Dad & Daughter Dates: Making the Most of Cherished Time Together
May 31, 2013 12:05PM
● By Clint Kelly
The ancient Greek playwright Euripides, renowned for his Greek tragedies portraying strong female characters, was likely a decent dad. He wrote, “To a father growing old, nothing is dearer than a daughter.”
Entrepreneur and life coach Greg Wright, of Austin, Texas, updates the concept of this precious relationship in Daddy Dates: Four Daughters, One Clueless Dad, and His Quest to Win Their Hearts. He says that before the age of 30, God gave him a lovely wife; four girls, or “beginner ladies”; and a succinct mission statement: “Don’t mess up.”
Possessing an overwhelming compassion and protective instinct for each of his children, Wright decided early on “to teach them the right way to date and to treasure their specialness as much as I do.”
One of his chief assignments was respectfully modeling good dating habits for his daughters, a talent that doesn’t necessarily come naturally to dads. They may understand how significant a fathering relationship is to her self-worth in becoming a dauntless and independent adult, but may be uncertain how to make a proper investment spiritually and emotionally.
Healthcare marketing executive David Kinard, of Seattle, Washington, invests heavily in both his son and daughter. Having grown up in a separated family with no fatherly role model, he has focused on spending time with both kids, and knows it’s especially important for a girl.
“I wanted my daughter to know that I loved her for who she was and not for anything she said or did, and that she didn’t need to give her body away to find love.” He felt the best way to convey these truths was to provide dedicated time together. Wednesdays were without fail their date nights, beginning at age 4; dates are less frequent now that his daughter is 16, but even when the relationship feels at odds, dates have consistently brought them together.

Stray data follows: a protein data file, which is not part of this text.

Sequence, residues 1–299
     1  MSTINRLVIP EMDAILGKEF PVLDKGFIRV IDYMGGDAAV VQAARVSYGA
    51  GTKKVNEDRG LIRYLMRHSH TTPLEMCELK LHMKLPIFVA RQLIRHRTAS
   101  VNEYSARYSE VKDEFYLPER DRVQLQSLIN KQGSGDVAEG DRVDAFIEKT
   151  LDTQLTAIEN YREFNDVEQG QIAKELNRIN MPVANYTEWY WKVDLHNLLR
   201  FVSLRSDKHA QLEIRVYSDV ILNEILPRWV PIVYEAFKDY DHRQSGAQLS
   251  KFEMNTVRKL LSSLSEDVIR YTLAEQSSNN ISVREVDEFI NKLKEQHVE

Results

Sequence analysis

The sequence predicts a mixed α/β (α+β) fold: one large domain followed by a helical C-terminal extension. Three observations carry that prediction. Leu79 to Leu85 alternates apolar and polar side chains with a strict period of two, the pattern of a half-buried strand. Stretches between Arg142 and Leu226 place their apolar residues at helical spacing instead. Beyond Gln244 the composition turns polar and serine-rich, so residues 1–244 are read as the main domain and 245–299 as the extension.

“She always got to choose where we went to dinner,” Kinard recalls. “We’d sit for a long time, eat our favorite foods and play a silly card game.” They talked about anything, nothing, everything. “She glows when she talks about past dates,” he continues. “I have earned the ability to talk with her about the more sensitive subjects in her life such as boys, sex, friends and family.”
Seattle Pacific University Alumni Director Ken Cornell believes that bonding through dating his two girls, ages 14 and 17, is a true privilege. He says the same is true of his wife of 27 years. “It is so important to get away from the routine, to focus on each other,” Cornell remarks. “It’s amazing what is said when we give space for a relationship to deepen.”
His younger daughter believes, “It’s confidence building; it makes me stronger to be with someone who believes and has hope in me.”
Dressing up on occasion, holding the door open and allowing her to order for herself show respect and make her feel treasured. Later, if she doesn’t get that same level of respect on a first date with a boy, she will be less likely to schedule a second.
Cornell often worries that he doesn’t model enough of the love and honor his girls deserve. He finds grace in prayer. “I ask God regularly for wisdom and forgiveness to help me steward my relationship with my daughters and wife.”
The writer’s own family of six, including two daughters, has a long history of carving out precious time for refreshing fun. It naturally evolved from movies and petting zoos when they were young to canoeing and college campus events as they grew up.
“My boyfriends knew that if we were going to last, they had to impress my dad,” remembers our youngest daughter Amy, today a wife and esthetician living in Medina, Ohio. “It was important to know that my dad cared enough to engage in my life. When college life was chaotic, it was comforting to have a dad close to my heart. Our dates through the years allowed us to share stories, secrets and sorrows, and to laugh.”
Clint Kelly’s books include Dare to Raise Exceptional Children.